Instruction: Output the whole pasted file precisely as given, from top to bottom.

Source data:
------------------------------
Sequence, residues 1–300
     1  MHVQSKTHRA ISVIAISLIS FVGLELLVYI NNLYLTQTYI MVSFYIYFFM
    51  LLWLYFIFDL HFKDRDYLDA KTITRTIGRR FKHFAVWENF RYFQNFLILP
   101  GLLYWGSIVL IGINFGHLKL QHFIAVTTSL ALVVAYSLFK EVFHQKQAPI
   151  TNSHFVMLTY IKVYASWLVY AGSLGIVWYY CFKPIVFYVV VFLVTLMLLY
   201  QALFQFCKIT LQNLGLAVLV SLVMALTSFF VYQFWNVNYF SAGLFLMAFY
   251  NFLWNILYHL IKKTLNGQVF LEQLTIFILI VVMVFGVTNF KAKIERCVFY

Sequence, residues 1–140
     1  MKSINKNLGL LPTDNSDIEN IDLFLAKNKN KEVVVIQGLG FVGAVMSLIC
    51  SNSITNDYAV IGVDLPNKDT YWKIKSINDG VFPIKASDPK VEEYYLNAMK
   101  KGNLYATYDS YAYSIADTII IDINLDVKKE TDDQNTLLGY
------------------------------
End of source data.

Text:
Sequence, residues 1–300
     1  MHVQSKTHRA ISVIAISLIS FVGLELLVYI NNLYLTQTYI MVSFYIYFFM
    51  LLWLYFIFDL HFKDRDYLDA KTITRTIGRR FKHFAVWENF RYFQNFLILP
   101  GLLYWGSIVL IGINFGHLKL QHFIAVTTSL ALVVAYSLFK EVFHQKQAPI
   151  TNSHFVMLTY IKVYASWLVY AGSLGIVWYY CFKPIVFYVV VFLVTLMLLY
   201  QALFQFCKIT LQNLGLAVLV SLVMALTSFF VYQFWNVNYF SAGLFLMAFY
   251  NFLWNILYHL IKKTLNGQVF LEQLTIFILI VVMVFGVTNF KAKIERCVFY

Sequence, residues 1–140
     1  MKSINKNLGL LPTDNSDIEN IDLFLAKNKN KEVVVIQGLG FVGAVMSLIC
    51  SNSITNDYAV IGVDLPNKDT YWKIKSINDG VFPIKASDPK VEEYYLNAMK
   101  KGNLYATYDS YAYSIADTII IDINLDVKKE TDDQNTLLGY